When I was a kid, I thought dandelions were cool, from their delightful yellow flowers that broke up the monotony of green lawns to their puffballs of parachute-wearing seeds which were so much fun to blow into the neighbor’s grass. Now that I’m grown up, however…well, actually, I still think dandelions are cool, but those of you who prefer your lawns smooth, lush and green probably feel differently. That’s because dandelions, for all their charm, are considered “weeds.”

A weed is any plant that causes a nuisance or hazard to us, our animals or our crops. Even an extremely useful plant is a weed if it’s growing where it’s not wanted, as the dandelion proves. Dandelions are attractive and completely edible–and a good source of important nutrients–but lawn-growers still try to destroy them on sight. They’d do the same to a stalk of wheat. If a plant grows where it’s not wanted, it’s a weed…which is why we have so much trouble with weeds. Plants, oddly enough, couldn’t care less what we want.

Weeds often seem to grow better than the plants we’re trying to grow. That’s because we’re often trying to grow plants in places for which they aren’t ideally suited. When a weed sprouts in a particular spot, though–say, right in the middle of your carrots–you can be sure that’s a good place for it to grow. Often it springs up first and grows fastest, and, as it grows, steals more and more nutrients, water, and even sunlight from the plants around it.

For most of past few millennia, controlling weeds has meant a lot of hard work: you either plowed, mowed or hoed them down. But many perennial weeds have underground root systems from which they can regrow; and cultivating a field over and over again to keep the weeds down, we’ve learned in Saskatchewan, carries with it the danger of drying out the field and seeing it blow into Manitoba. Mowing is an even more short-term solution.

The best you can hope for is to give your crop–or lawn–the opportunity to grow first and fastest, and choke out some of the weeds, instead of the other way around. That means one of the best ways to control weeds is to make conditions–soil pH, moisture, depth of planting, spacing–as close to ideal as possible for the plants you want to grow.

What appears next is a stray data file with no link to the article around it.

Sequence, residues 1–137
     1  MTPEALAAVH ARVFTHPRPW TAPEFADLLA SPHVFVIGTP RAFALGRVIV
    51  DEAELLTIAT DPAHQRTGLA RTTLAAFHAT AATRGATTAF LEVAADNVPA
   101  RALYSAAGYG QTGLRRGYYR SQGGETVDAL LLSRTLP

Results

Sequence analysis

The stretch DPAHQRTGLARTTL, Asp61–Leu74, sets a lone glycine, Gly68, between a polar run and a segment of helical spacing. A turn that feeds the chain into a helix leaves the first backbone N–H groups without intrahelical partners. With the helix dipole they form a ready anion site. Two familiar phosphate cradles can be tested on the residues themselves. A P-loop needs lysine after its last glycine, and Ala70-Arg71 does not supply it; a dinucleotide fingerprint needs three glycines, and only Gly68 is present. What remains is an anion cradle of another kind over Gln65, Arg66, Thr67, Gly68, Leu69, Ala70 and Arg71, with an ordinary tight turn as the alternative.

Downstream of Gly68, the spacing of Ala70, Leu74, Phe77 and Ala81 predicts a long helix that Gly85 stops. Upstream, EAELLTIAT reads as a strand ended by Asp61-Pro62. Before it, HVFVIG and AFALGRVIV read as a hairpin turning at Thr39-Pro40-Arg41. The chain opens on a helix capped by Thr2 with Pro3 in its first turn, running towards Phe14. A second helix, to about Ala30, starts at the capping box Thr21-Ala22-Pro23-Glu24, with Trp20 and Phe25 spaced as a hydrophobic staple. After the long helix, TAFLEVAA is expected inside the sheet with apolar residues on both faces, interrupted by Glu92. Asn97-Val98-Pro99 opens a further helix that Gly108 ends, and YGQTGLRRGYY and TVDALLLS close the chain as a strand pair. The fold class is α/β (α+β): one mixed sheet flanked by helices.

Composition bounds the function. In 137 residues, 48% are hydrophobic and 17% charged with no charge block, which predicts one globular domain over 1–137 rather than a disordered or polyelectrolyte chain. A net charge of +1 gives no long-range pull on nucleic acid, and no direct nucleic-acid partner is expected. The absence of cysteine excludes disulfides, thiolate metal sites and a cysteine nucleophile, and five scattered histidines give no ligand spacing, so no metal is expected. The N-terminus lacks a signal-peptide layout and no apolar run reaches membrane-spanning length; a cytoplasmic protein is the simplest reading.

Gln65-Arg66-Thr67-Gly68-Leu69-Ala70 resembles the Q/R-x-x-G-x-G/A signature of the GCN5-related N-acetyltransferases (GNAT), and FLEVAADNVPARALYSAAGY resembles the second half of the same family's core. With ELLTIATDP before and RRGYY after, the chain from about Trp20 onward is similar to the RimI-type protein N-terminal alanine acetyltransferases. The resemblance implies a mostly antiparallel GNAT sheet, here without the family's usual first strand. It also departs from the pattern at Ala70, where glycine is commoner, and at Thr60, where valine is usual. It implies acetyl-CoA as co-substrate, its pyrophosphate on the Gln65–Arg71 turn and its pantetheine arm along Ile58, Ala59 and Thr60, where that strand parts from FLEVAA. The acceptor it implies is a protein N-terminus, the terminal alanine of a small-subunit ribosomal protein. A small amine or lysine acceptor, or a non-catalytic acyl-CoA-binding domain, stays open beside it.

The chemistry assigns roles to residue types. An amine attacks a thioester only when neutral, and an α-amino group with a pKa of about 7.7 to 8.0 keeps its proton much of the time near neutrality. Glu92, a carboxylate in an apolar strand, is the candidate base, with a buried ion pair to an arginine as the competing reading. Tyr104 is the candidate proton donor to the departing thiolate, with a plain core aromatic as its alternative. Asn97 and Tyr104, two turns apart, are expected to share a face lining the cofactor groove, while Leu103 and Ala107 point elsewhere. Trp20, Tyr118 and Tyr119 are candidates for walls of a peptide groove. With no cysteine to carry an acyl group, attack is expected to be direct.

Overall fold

Crop rotation can help, too (although it’s obviously not practical for lawns). If you grow the same plants in the same spot year after year, you also favor the same weeds year after year, which means you’ll see more and more of them.

Humans finally got some new weapons in the war against weeds in the 1940s, when the first synthetic herbicides came onto the market.

Most herbicides are selective, killing certain groups of plants and not others. 2,4-D, for example, kills many broad-leaved plants but doesn’t damage grasses, whereas dalapon controls grasses but doesn’t affect broad-leaved plants. However, there are also broad-spectrum herbicides that kill just about everything, and some “soil sterilants” that make it hard for anything to grow for some time; they’re mostly used along railroad tracks and roadways and on parking lots and industrial sites.

Different herbicides work in different ways. Some interfere with a plant’s normal growth and development by disrupting protein or amino acid synthesis. Some prohibit photosynthesis, either by messing up the process within the cell or preventing the manufacture of the necessary pigments. And some react with sunlight to produce compounds that actually rupture the plant’s cell membranes.

Some herbicides are applied to the soil and others to the weeds themselves. Those applied to the soil enter the plant through the root system; those applied to the plants may either kill only the part of the plant they touch (contact herbicides) or be taken into the plant and transported to all parts of it, killing the whole plant. Which type of herbicide is used depends on soil conditions, rainfall, the type of weed being attacked and the type of plant being protected.

Herbicides have improved the control of weeds, but haven’t eliminated them. Nature, it seems, just doesn’t understand humans’ desire to have a lawn like a billiard table, or why we have such a strong aversion to wild oats mixed in with our regular oats. And so the battle against weeds will continue all summer long, as it has for thousands of years.

Personally, I’m staying out of it.

Dandelion wine, anyone?

Permanent link to this article: https://edwardwillett.com/1996/06/weeds/

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